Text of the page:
Ramadan 1439/2018: Black Muslims Reflect on the Qur’an – Juz’ 7

By Askia Toure

In my too infrequent study of the Qur’an, I often find that the particular passage I am reading relates to the situation I am experiencing at that moment. The Book of Allah is right on time even when I am not.

In April, I participated in a Christian–Muslim conference near the international headquarters of the Focolare Movement. The objective of the recurring conference and the decades-long relationship between our communities is not to convert or offer salvation to each other, but rather to practice the principles of love, unity and obedience to God. I spoke about this experience recently here.

I will not offer my own tafseer of any of Juzʾ 7 (5:82–6:110), but will instead share how I reacted to reading it and how the text relates to me at this point in my life.

The verses in Surah al-Māʿidah feel heavy and grave as they warn of the “enmity” (Yusuf Ali) shown to Muslims by Jews and people practicing shirk or polytheism. Verses like these are likely to make uncomfortable those, such as myself, who live in a cosmopolitan society. Because it makes us uncomfortable makes is it more important to strive to understand and apply in our lives. Are the Jews and polytheists referred to here those living in Madinah at the time of the Prophet Muhammad (S) or those living in the United States today? Are the self-proclaimed Christians that Allah has promised us to be warm and welcoming seventh century Arabians or 21st century Americans?

I have experienced a tiny amount of enmity towards myself from adherents of several religions, none of them Jewish. I have felt the love and warmth of a great many people of all religions and a good number of those who are irreligious (who are also addressed later in Juzʾ 7). I have witnessed many times everything that Allah has promised in these verses.

In reflecting on this apparent contrast, I suggest that the Qur’an is not revealed to one polity or nation but to the whole world and for all time. Knowing the occasion of revelation is central to understanding the meaning of each verse. However, each verse is included in this book of astounding breadth and brevity in order to guide all of humanity that comes after its revelation.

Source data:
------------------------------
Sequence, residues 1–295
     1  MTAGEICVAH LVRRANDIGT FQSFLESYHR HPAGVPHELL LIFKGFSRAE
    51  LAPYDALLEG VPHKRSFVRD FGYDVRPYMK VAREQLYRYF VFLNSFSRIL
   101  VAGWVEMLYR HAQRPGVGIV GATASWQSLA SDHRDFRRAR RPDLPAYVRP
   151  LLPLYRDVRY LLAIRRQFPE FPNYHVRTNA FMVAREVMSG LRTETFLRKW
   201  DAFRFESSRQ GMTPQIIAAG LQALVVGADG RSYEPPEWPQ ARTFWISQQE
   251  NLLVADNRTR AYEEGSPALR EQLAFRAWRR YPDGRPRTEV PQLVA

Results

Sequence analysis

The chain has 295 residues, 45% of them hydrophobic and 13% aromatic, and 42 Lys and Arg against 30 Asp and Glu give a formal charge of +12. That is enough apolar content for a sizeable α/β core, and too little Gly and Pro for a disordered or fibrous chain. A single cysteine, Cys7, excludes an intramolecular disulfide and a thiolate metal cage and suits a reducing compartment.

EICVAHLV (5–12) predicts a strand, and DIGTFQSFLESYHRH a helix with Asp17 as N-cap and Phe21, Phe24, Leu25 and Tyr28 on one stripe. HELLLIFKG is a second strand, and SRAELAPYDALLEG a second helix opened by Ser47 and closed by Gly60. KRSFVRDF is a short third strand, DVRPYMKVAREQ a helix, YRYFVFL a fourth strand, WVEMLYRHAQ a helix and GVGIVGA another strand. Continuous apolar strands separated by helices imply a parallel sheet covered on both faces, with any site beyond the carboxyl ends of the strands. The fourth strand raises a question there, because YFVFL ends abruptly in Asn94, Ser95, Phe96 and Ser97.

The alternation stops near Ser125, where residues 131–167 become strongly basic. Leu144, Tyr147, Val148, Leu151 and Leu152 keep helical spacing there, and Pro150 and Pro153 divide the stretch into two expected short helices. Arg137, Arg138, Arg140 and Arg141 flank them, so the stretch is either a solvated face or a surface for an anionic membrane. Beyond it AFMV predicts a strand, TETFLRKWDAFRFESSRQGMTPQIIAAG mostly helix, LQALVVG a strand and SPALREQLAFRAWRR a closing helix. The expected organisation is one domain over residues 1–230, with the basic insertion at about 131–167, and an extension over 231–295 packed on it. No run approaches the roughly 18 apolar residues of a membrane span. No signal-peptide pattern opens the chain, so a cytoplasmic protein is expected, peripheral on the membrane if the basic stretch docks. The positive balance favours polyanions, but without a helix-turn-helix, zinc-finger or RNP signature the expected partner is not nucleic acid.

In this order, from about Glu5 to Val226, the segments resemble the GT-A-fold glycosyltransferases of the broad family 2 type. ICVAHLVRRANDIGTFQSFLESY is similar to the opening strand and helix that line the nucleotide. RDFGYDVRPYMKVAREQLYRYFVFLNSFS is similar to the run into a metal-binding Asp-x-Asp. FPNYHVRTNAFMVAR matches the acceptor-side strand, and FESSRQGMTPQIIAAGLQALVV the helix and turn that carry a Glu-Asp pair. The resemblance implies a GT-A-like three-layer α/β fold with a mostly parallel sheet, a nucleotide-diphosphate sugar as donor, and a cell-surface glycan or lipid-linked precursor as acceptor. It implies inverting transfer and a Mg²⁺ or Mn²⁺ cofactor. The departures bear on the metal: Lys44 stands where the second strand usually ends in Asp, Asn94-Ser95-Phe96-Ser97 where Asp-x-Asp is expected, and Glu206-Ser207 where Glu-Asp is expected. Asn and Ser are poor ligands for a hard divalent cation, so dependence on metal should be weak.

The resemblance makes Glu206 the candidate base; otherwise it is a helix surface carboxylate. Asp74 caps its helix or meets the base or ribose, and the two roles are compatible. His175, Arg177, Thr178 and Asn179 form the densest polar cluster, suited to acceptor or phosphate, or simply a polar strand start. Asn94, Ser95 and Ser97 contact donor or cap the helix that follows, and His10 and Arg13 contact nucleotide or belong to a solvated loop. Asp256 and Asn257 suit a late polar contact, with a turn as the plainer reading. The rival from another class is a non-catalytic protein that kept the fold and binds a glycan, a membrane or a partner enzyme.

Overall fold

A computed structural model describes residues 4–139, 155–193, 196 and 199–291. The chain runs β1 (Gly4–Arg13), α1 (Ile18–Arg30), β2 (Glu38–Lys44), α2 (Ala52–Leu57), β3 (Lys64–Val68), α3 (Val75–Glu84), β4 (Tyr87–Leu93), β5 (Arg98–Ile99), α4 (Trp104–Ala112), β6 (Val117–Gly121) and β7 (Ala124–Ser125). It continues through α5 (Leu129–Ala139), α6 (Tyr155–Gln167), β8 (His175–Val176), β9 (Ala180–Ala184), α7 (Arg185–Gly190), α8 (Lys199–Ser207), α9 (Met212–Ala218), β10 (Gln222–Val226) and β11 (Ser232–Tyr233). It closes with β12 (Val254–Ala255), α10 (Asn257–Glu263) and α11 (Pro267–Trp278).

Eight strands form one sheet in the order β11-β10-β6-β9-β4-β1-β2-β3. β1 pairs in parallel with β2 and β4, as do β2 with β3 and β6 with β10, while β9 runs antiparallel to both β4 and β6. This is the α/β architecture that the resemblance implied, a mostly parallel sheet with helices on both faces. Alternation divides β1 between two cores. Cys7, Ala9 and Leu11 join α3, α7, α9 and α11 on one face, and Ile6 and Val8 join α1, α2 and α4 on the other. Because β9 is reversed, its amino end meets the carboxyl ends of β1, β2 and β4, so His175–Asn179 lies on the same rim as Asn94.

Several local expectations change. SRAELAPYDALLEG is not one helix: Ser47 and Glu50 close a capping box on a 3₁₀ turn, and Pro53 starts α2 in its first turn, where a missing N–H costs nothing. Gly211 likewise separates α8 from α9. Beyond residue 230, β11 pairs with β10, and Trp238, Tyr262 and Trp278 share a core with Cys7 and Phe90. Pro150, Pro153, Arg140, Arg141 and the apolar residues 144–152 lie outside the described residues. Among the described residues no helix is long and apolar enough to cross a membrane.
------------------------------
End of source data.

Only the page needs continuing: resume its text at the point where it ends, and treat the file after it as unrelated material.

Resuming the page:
The verses of Juzʾ 7 that follow demonstrate the timelessness of the Qur’an by imparting guidance and wisdom that is becoming more apparent to modern people, both faithful and irreligious. The corrupting tendencies of intoxicants and gambling are forbidden by Allah in 5:90–91, perhaps not only as a test of faith (as is 5:94), but as mercy to guide us towards being “successful” (Yusuf Ali). That addiction is a serious threat to worldly success and an easy trap to fall into is taken as a given nowadays. In earlier times it might not have been as thoroughly understood. What has been understood since the time of Qur’an’s revelation and even before is that Allah is supreme in His wisdom and that we are most successful in a state of obedience to Him.

Surah al-Māʿidah concludes with admonishment and guidance for our ultimate meeting with our Lord and especially for the followers of Christ Jesus (AS). As the previous verses gave guidance to perhaps only the Companions of Prophet Muhammad (S) followed by guidance more easily understood to be universal, the verses of 5:109–120 are for a time when no more warnings or harbingers will be of use or even available. In addition to advice and direction, Allah permits us to actually know in advance what will take place when the messengers of Allah are questioned about their performance and the reception from their followers.

Of the afore-mentioned warnings in this portion of Juzʾ 7, the most important one is given the most attention in terms of the number and length of verses devoted to each topic. This is fitting due to, of course, the warning’s finality as well as the challenge it presents to (1) humanity, in general (2) Muslims, especially and (3) me, in particular. This is a thing I struggle with even as I engage in interfaith dialogue. That I give and receive love and hardly, if ever, give a warning to those I love eats at me. If I love my Christian brothers shouldn’t I want salvation for them? I am somewhat reassured by what Allah says in when informing  Prophet Muhammad (S) that he is not “a keeper over them, nor . . . responsible for them” (Pickthall; 6:107).

I am encouraged to continue my interfaith efforts, especially with the Focolare Movement, because of the language used by Allah when He refers to Christians as being closest to believers “in love” (Yusuf Ali). The occasion of revelation did not include these people, specifically but surely, this message is meant for me to hear and share.




Askia Toure is a native of Houston, TX and resides in Columbus, OH with his wife.

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